Ipsos MRBI opinion poll: how voters see Fine Gael’s choice
Public takes quite a different view than members of the parliamentary party
The public takes quite a different view of the Fine Gael leadership election campaign than the members of the parliamentary party, according to today’s Irish Times/ Ipsos MRBI opinion poll. Although Leo Varadkar is ahead by more than two to one among Fine Gael TDs, senators and MEPs, his rival Simon Coveney is ahead among ordinary voters.
Questioned about the qualities of the two candidates, the responses show that Coveney chimes with voters on the issues of political experience, trust, stability and traditional values. By contrast, Varadkar comes out ahead as regards straight talking, the ability to win more votes for Fine Gael and the capacity to deliver real change. The two contenders are tied on which of them would be best in a political crisis.
The poll reflects the appeal of Coveney to older voters, who are concerned with stability and trust, in contrast to Varadkar’s appeal to the young, who attach more importance to change and straight talking. Not surprisingly, Varadkar is ahead in Dublin but Coveney has a massive lead over his rival in Munster.
The poll was taken on Tuesday and Wednesday, just after Varadkar made his comments about wanting to look after the interests of people who get up early in the morning. This drew a strong riposte from Coveney, who stressed his commitment to the Just Society ideals that inspired Garret FitzGerald and Declan Costello.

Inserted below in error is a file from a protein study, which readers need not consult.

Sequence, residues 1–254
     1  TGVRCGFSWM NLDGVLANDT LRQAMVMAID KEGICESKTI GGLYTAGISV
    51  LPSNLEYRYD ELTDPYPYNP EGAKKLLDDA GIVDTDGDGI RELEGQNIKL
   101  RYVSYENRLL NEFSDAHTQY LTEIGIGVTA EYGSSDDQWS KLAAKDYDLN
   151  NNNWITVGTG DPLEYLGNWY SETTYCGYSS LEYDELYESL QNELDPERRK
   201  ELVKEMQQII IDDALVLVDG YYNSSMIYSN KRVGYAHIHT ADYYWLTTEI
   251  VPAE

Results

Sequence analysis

It appears more of the public are on Coveney’s side of the argument and while it is hardly likely to affect the outcome, the poll should inject life into the hustings which began last night.
The findings will fuel the frustration of Fine Gael members who feel the contest was stitched up by their TDs and senators before it even started. It will be very interesting to see the final breakdown in support for the two candidates among party members as distinct from party supporters.
A notable feature of the poll is that Enda Kenny has achieved his highest satisfaction rating since 2011 in the final Irish Times poll to be taken during his term as Taoiseach. This suggests a recognition that he has done a good job for the country during his six years in office. The Government’s satisfaction rating has also surged to its highest level in more than five years and that should give the incoming Taoiseach a fair wind.
As for the state of the parties, Fine Gael has pulled back ahead of Fianna Fáil, which is probably not surprising given the focus of media attention on the party over the past two weeks. Fianna Fáil has dropped back a little but is still within touching distance of Fine Gael. The battle as to which of them will be ahead after the next election is still wide open. There has been little movement among the other parties and groups, with Labour recovering a little ground and Sinn Féin and the Independents/Others remaining stable.